DOCTORAL SEMINAR

Three Studies on Online Consumer Behaviour: Product Scarcity, Price Expectation and Choice

Speaker
Ms Gao Yuting
Supervisor
Dr Jack Jiang Zhenhui, Professor, School of Computing


  17 Jan 2020 Friday, 10:00 AM to 11:30 AM

 Executive Classroom, COM2-04-02

Abstract:

The emergence of e-commerce makes it easier for companies to get in touch with consumers and increases their sale opportunities. At the same time, e-commerce intensifies the competition between companies and pushes them to develop various tactics to influence consumer behaviour. Two of the various aspects that consumers mostly care about is the product itself and the price. Products of high quality are preferred to those of low quality, so companies try hard to improve product quality and emphasize unique features and functions in promotion campaigns. However, products of good quality usually are popular and sell fast. When products are of limited availability, consumers feel the "urgency' to purchase the product as soon as possible before the product runs out of stock. Therefore, some companies highlight product scarcity to attract consumers. For example, Expedia, the famous online hotel booking websites, often highlights product scarcity with a message like 'We have only 1 room left at this price'. For the same product, consumers prefer low price. However, some products may be readily available, but their prices fluctuate a lot, such as hospitality and air travel. Consequently, some companies use persuasive messages about future price to affect consumers' price expectation. For instance, Google flights sometimes push notifications to users about price changes, such as 'Prices for the route will likely go up'. Traditionally, companies set the price for the product and given the pre-set price, consumers decide whether they want to buy the product or not. Nowadays, some companies invented new pricing strategies that appeal to consumers. For example, for a given product, the company may give three different price options. If consumers want to buy the product, they can choose whichever price to pay. By empowering consumers, companies try to improve people's attitude towards the price. In my thesis, I try to study how the above tactics may influence online consumer behavior through laboratory experiments and field experiments.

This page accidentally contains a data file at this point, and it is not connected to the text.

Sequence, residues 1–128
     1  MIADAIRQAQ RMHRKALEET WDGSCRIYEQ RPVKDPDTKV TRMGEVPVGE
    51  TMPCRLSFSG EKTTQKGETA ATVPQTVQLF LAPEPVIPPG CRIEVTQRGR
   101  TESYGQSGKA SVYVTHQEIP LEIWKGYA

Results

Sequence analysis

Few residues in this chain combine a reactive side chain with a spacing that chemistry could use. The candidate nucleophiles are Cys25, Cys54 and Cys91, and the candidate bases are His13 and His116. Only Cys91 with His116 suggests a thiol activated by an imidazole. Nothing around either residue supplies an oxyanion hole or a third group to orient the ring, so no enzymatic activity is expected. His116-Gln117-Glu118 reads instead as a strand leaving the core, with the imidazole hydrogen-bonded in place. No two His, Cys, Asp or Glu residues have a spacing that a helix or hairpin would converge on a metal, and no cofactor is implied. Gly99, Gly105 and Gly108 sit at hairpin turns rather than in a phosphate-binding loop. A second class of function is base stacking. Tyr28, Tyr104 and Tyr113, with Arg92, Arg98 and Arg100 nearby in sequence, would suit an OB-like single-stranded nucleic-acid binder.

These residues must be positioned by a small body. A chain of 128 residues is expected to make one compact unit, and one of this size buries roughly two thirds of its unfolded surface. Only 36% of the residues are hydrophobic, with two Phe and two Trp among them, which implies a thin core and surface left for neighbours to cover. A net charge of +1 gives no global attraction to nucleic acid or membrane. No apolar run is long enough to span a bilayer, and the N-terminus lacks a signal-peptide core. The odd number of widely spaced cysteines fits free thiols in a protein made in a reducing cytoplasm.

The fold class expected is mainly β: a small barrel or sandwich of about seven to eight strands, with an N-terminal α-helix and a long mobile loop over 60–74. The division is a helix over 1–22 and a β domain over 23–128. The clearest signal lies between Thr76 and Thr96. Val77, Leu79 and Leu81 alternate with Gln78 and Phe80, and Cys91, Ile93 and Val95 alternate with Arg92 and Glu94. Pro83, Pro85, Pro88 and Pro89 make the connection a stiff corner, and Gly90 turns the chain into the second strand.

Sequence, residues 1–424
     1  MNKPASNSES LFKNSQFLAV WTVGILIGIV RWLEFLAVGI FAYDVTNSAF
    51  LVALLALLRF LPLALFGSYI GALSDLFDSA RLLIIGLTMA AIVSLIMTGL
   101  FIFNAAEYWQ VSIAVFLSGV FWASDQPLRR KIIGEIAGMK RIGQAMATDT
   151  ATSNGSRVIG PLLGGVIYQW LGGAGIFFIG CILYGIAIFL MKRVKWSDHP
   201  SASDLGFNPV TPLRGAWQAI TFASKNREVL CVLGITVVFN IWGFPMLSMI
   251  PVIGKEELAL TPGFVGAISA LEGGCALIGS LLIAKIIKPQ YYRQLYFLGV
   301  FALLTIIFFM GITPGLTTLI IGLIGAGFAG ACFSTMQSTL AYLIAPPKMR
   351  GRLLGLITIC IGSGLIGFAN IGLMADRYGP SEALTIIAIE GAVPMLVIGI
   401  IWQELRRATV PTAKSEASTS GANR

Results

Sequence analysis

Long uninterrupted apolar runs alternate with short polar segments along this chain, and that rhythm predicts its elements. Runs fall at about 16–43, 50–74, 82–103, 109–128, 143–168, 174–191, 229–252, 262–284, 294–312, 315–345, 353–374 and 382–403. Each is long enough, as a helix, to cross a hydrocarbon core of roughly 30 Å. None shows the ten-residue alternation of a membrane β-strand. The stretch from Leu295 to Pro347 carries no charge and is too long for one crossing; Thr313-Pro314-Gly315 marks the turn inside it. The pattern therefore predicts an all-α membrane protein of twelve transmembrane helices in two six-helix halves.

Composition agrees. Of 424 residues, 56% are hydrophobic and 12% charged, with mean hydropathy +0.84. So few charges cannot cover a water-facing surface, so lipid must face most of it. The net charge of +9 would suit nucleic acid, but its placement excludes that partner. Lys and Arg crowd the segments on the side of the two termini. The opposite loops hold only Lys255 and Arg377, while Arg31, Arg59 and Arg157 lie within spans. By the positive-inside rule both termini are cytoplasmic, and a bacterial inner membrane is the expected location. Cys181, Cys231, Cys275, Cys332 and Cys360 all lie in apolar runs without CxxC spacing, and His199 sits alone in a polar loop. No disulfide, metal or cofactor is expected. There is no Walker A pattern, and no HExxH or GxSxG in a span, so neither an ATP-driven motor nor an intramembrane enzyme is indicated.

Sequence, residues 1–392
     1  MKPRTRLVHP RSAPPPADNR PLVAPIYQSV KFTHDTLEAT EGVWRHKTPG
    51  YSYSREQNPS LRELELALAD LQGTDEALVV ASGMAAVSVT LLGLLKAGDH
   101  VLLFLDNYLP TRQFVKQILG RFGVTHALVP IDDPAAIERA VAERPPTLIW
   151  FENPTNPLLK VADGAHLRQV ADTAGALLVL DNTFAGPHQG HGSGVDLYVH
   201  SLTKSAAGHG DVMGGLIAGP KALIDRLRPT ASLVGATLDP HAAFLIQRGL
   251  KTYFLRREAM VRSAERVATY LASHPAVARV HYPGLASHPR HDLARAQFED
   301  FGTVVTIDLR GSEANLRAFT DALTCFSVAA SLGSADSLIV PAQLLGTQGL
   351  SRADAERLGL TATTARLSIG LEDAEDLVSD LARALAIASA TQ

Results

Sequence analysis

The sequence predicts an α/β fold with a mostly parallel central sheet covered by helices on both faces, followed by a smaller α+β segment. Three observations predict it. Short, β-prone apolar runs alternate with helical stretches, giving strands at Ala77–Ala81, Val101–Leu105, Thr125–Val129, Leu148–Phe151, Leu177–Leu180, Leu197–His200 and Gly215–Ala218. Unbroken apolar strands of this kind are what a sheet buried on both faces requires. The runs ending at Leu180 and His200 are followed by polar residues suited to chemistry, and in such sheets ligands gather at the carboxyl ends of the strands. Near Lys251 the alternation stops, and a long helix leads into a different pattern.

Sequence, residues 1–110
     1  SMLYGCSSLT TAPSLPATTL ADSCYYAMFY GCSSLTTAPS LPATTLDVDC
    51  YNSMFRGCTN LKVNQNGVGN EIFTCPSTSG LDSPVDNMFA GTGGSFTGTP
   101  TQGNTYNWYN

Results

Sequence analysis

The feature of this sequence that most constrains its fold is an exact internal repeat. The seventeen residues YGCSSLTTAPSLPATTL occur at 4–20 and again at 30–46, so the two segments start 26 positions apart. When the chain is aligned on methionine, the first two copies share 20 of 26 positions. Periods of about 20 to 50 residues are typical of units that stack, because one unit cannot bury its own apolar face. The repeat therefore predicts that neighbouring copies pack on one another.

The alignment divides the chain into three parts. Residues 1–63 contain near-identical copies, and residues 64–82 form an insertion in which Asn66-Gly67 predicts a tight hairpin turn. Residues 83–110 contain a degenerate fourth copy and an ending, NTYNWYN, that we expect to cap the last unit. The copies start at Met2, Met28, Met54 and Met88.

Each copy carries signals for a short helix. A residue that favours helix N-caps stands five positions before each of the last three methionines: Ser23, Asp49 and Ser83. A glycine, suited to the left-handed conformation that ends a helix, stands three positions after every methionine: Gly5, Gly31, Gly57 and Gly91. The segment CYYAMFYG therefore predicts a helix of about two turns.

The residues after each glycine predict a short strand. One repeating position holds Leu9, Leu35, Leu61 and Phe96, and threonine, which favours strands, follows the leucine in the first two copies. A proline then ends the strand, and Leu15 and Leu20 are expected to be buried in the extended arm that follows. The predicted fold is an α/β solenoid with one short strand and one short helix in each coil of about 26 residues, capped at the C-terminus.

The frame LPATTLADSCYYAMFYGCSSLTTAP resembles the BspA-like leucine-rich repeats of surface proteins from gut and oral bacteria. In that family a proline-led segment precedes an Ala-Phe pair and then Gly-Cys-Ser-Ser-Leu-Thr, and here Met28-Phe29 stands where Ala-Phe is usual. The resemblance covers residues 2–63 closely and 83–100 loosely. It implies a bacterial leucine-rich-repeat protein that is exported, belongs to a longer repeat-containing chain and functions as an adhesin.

In my first study, I study the effect of product scarcity cues on consumers' purchase behaviour. A field experiment was conducted in collaboration with a leading travel meta-search platform. In the experiment, we operationalize the product scarcity information using the number of remaining seats. Results show that, product scarcity messages can significantly increase consumers' flight booking decisions. In addition, the positive effect of product scarcity messages is stronger for flight deals with higher prices.

The second study explores how price expectation affects consumers behaviour. Still in collaboration with the same travel meta-search mobile app, we conducted another field experiment where consumers' expectation about future price was manipulated. Price reassurance comforts consumers that the future price is unlikely to drop, while price alert reminds consumers that price may surge. Results show that price alert can increase consumers' flight bookings and the effect is stronger when price is higher.

The third study aims to investigate an emerging pricing strategy, 'Choose What You Offer', where people can choose one amount to offer from a few (usually three) amount options listed. Compared to pre-determined fixed amount, CWYO features a choice structure and empowers people with autonomy and control. In online shopping, CWYO can improve consumers' attitude towards the product and increase their intention to purchase. In online crowdfunding, CWYO can encourage people to contribute and to contribute more than the pre-determined amount. We also plan to study how reference amount may moderate the effect of 'Choose What You Offer'.